“Please cite this paper as: Nunes, Krishnan, Gerard, Dale, Maddie, Benton and Hoying (2010). Angiogenic Potential of Microvessel Fragments is Independent of the Tissue of Origin and
can be Influenced by the Cellular Composition of the Implants. Microcirculation17(7), 557–567. We have demonstrated that MFs isolated from adipose retain angiogenic potential in vitro and form a mature, perfused network when implanted. However, adipose-derived Panobinostat microvessels are rich in provascularizing cells that could uniquely drive neovascularization in adipose-derived MFs implants. Objective: Investigate the ability of MFs from a different vascular bed to recapitulate adipose-derived microvessel angiogenesis and network formation and analyze adipose-derived vessel plasticity by assessing whether vessel function ICG-001 cell line could be modulated by astrocyte-like cells. Methods: MFs were isolated by limited collagenase digestion from rodent brain or adipose and assembled into 3D collagen gels in the presence or absence of GRPs. The resulting
neovasculatures that formed following implantation were assessed by measuring 3D vascularity and vessel permeability to small and large molecular tracers. Results: Similar to adipose-derived MFs, brain-derived MFs can sprout and form a perfused neovascular network when implanted. Furthermore, when co-implanted in the constructs, GRPs caused adipose-derived vessels to express the brain endothelial marker glucose transporter-1 and to significantly reduce microvessel permeability. Conclusion: Neovascularization involving isolated microvessel elements is independent of the tissue origin and degree of vessel specialization. In addition, adipose-derived vessels have the ability to respond to environmental signals and change vessel characteristics. “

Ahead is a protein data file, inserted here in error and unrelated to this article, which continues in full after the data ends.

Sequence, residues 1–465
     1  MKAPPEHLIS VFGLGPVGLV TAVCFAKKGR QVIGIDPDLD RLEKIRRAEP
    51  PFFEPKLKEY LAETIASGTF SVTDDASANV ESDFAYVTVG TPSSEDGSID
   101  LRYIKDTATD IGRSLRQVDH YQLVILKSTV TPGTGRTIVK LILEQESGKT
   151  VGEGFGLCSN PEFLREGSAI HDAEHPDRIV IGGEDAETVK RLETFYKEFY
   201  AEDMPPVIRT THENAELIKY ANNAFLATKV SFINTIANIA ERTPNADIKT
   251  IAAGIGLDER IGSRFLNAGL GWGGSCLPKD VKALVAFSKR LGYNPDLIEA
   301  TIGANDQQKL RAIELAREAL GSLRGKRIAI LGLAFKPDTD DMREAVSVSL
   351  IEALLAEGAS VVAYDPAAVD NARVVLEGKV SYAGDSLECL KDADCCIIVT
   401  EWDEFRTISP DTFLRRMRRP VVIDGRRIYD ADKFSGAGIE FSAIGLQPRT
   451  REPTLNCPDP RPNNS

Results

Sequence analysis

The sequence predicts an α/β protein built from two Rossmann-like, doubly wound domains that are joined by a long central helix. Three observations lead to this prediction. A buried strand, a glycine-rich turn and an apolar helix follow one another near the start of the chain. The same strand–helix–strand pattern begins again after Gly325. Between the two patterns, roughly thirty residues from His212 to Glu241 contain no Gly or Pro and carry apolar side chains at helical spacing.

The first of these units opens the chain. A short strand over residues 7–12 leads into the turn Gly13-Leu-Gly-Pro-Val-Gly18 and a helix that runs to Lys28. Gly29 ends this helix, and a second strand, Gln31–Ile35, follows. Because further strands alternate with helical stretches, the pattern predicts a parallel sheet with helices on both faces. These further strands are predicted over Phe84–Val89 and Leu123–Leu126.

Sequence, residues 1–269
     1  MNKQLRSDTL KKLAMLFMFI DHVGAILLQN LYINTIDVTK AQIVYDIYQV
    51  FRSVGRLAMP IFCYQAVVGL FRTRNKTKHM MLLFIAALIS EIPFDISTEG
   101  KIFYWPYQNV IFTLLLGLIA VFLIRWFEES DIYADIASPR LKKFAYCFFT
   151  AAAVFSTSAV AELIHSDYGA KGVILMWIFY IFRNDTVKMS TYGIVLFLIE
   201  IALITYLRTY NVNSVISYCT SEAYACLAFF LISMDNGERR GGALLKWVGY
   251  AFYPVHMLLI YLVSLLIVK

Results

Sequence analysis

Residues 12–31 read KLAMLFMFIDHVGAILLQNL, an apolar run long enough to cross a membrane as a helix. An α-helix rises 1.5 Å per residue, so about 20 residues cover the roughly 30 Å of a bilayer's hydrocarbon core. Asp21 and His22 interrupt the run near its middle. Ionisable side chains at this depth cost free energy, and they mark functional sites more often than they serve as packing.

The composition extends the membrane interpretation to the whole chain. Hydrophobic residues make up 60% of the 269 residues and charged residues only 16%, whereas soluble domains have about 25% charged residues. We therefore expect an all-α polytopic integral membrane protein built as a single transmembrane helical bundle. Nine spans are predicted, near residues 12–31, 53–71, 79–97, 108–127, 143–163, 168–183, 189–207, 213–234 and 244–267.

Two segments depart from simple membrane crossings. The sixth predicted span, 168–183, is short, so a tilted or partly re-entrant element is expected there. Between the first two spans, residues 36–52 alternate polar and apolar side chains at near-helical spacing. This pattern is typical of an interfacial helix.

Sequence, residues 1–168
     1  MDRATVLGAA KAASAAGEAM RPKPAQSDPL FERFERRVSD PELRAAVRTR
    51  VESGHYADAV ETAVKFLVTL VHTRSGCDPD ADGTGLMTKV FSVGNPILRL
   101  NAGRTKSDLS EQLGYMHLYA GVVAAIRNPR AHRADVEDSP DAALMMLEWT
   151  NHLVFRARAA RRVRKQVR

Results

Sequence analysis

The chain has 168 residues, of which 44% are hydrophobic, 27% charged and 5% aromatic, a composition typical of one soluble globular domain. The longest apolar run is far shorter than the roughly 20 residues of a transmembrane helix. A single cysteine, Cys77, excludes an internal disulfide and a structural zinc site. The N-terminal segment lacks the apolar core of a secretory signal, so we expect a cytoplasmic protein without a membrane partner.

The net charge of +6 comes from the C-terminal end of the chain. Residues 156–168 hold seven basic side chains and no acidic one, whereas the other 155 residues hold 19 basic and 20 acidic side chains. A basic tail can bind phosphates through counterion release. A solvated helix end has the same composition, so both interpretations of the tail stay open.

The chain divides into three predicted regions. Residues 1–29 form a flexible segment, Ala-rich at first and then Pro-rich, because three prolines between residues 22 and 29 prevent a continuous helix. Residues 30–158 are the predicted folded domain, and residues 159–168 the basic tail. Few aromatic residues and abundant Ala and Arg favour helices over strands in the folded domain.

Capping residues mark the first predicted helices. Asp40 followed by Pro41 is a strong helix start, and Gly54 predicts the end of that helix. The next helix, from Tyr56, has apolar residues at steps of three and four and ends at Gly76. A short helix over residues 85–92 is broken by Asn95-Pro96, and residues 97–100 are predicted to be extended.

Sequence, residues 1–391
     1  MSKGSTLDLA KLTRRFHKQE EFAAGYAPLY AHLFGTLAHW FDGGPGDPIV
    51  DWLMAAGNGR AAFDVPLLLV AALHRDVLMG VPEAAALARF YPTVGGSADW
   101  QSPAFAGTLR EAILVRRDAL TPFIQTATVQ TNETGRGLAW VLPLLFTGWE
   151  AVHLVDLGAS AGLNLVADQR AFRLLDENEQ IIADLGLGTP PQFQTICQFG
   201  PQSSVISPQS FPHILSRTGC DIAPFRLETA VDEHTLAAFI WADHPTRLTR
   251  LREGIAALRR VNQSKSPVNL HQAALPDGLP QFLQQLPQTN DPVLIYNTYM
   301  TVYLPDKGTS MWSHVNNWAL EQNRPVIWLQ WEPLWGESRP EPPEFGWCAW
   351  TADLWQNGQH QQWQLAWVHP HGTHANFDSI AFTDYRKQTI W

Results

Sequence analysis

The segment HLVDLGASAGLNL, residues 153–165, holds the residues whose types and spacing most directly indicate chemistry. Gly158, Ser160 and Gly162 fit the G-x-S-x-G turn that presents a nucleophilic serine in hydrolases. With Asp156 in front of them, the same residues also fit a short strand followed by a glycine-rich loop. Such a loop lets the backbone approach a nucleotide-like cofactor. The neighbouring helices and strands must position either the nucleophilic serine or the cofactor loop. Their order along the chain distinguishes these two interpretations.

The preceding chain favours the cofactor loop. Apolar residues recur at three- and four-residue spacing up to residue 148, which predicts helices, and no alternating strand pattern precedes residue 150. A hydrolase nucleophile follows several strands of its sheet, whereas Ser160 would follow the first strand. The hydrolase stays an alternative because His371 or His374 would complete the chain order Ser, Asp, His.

“Please cite this paper as: Roustit and Cracowski (2012). Non-invasive Assessment of Skin Microvascular Function in Humans:
An Insight Into Methods. Microcirculation 19(1), 47–64. For more than two decades, learn more methods for the non-invasive exploration of cutaneous microcirculation have been mainly based on optical microscopy and laser Doppler techniques. In this review, we discuss the advantages and drawbacks of these techniques. Although optical microscopy-derived techniques, such as nailfold videocapillaroscopy, have found clinical applications, they mainly provide morphological information about the microvessels. Laser Doppler techniques coupled with reactivity tests are widespread in the field of microvascular function research, but many technical issues need to be taken into account when performing these tests. Post-occlusive reactive hyperemia and local thermal hyperemia have been shown to be reliable tests, although their underlying mechanisms are not yet fully understood.